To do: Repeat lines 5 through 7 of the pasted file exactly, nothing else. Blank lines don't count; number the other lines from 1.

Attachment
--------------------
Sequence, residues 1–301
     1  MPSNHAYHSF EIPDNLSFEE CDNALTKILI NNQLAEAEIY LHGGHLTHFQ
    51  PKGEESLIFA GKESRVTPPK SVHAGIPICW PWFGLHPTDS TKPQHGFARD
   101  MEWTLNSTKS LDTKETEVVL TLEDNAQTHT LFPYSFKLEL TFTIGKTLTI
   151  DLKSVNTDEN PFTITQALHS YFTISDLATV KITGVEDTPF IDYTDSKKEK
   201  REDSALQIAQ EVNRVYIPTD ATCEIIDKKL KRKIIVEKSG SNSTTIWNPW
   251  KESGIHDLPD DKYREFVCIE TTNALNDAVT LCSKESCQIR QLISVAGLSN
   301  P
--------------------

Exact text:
   151  DLKSVNTDEN PFTITQALHS YFTISDLATV KITGVEDTPF IDYTDSKKEK
   201  REDSALQIAQ EVNRVYIPTD ATCEIIDKKL KRKIIVEKSG SNSTTIWNPW
   251  KESGIHDLPD DKYREFVCIE TTNALNDAVT LCSKESCQIR QLISVAGLSN